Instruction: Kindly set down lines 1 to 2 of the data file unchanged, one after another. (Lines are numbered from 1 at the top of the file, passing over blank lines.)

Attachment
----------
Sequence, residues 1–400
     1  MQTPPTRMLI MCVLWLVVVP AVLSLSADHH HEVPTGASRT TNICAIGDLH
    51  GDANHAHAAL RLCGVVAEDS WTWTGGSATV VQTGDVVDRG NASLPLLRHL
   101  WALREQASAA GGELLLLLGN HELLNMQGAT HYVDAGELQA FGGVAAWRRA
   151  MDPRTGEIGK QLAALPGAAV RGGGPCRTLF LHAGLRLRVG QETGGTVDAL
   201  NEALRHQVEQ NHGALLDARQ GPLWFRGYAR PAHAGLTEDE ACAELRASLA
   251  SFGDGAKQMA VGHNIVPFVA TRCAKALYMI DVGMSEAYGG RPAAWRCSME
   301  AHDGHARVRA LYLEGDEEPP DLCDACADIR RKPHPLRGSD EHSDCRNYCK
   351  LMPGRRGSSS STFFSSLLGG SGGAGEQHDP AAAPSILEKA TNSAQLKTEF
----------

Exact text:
Sequence, residues 1–400
     1  MQTPPTRMLI MCVLWLVVVP AVLSLSADHH HEVPTGASRT TNICAIGDLH